-I generally like to write first thing in the morning, but if I have a clear day, I’ll try to take it as far as I can with a little music on.

What is your favorite thing about writing?

-I can’t think of just one favorite thing, but I do really enjoy the construction of a story, before the pages start flowing and I have to build the structure so all the moving parts—plot, character, action, tone—work together.

If you were a supernatural creature, what would you like to be and why?

-I think I’d like to be an old-school vampire. I’d dig wearing the cape and turning to mist to slide under doors. And the accent is killer.

How long have you been a writer?

-As long as I can remember, I’ve been creating stories.

How many books have you written? How many have been published?

-I’ve written six novellas, two published now and two pending. I’ve also written three full-length novels in a different genre, but haven’t found a publisher for them yet.

Do you have a favorite character from one of you own books? Who and Why?

-Can’t claim one as a favorite, but the hero from the upcoming Limit War story was a lot of fun to write. He’s a country-boy roughneck soldier with a lot of vinegar in him.

What is the easiest and hardest thing about writing?

-The easiest thing is the early process of generating stories. Little prompts are always spinning out into whole solar systems. The hardest thing is eliminating distractions when it’s time to get to the page.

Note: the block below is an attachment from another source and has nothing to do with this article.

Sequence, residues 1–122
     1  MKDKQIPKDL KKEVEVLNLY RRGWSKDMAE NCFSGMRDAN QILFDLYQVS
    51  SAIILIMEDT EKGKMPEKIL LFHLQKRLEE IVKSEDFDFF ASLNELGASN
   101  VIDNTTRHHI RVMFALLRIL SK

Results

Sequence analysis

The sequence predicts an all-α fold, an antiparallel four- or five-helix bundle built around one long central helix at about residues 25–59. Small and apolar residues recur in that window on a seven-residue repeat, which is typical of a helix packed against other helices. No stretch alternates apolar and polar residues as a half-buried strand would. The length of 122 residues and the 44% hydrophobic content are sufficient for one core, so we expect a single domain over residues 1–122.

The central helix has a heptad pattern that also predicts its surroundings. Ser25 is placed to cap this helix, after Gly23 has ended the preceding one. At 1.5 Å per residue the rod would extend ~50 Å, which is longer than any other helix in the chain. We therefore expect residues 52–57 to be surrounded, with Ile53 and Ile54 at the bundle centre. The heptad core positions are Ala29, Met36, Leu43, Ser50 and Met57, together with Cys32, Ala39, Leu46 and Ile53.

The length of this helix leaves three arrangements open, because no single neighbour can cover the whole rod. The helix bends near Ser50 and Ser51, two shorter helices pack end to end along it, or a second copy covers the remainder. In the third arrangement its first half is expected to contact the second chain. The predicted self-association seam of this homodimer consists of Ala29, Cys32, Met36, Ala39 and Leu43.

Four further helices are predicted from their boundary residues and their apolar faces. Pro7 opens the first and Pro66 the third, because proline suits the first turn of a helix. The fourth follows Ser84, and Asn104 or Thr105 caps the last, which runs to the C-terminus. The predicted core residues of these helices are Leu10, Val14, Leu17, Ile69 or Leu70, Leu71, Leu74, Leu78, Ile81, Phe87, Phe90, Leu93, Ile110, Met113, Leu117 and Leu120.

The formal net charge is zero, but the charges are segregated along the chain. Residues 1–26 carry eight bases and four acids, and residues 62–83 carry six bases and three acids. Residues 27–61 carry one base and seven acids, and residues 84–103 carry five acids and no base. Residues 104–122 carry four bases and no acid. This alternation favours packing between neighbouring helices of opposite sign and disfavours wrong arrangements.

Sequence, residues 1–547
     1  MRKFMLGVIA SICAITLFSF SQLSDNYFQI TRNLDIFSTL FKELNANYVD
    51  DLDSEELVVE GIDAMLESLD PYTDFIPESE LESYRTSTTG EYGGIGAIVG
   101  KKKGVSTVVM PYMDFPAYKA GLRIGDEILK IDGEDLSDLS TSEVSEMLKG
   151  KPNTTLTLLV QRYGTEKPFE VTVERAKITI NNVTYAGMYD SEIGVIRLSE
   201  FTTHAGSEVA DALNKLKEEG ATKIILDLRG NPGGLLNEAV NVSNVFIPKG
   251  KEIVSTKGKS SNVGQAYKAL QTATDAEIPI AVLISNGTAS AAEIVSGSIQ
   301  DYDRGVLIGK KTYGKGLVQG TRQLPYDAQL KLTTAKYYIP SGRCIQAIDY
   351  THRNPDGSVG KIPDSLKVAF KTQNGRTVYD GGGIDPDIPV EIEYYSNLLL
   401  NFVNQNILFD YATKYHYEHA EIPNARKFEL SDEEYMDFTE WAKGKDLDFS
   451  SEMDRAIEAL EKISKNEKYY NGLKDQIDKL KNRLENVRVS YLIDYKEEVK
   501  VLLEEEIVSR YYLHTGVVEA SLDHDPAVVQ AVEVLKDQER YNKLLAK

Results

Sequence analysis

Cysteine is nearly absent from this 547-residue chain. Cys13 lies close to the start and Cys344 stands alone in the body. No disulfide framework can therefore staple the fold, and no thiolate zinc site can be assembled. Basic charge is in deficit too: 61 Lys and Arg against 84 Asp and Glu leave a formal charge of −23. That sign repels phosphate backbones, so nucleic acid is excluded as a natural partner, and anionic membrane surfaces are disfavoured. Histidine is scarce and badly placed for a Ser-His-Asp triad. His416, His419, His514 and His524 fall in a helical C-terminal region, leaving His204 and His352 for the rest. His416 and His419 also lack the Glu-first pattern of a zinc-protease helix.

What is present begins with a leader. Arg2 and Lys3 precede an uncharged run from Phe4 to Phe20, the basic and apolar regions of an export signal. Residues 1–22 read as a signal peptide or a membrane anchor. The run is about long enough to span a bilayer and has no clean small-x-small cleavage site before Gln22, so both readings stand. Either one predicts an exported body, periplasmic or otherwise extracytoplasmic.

Do you find love scenes difficult to write?

-The most difficulty in love scenes for me is to create something fresh, so each time doesn’t feel too similar to the last one.

Are any of your personal experiences reflected in your writing?

-Fragments from my life and observations sometimes make their way into my writing. The great thing about writing romance is that it’s an opportunity to heal previous heartbreaks, or play out scenarios in a more idealized setting.

How long does it usually take you to write a book?

-It really depends on how many outside influences take me away from the writing. If I can finish a novella in about six weeks, I’m making good time.

Do you set timelines when you’re writing or write when the feeling hits you?

-Unless I have other obligations, I try and get up early and write every morning (at least weekday mornings).

Do your characters talk to you?

-Yes, and I talk back. Often there are whole dialogue exchanges between me and the characters that never make it to the page. It’s almost like an acting improv exercise, where you search out character.

Who controls the storyline, you or your characters?

-I plot extensively before I write, but in that process, I try to motivate the action based on the characters. It’s kind of a collaboration in the early stages. When I’m on pages, I control the story, but keep enough flexibility to adapt if something unexpected happens.

What is your writing day like once you start a book?

-If it’s a free day, I like to get up early, write until I’m hungry, eat, write more, eat again and try and get some daylight. If I’m really flowing, I’ll keep writing in the late afternoon. Evenings are for cooking dinner and catching up on the outside world.

Do you promo your backlists when you’re writing a new book, or dedicate your time solely to writing?

-Not having much of a backlist right now I’d have to say I spend most of my time writing the current book.

How many books do you write in a year?

-I don’t have a reliable count because of outside influences taking my time away. If I can write four or five, I’d be very happy.

Thanks for joining me today Nico! I look forward to reading PUSHED TO THE LIMIT. Okay Readers, it’s your turn. If you have any questions or comments for Nico, feel free to post them below!

Happy Reading!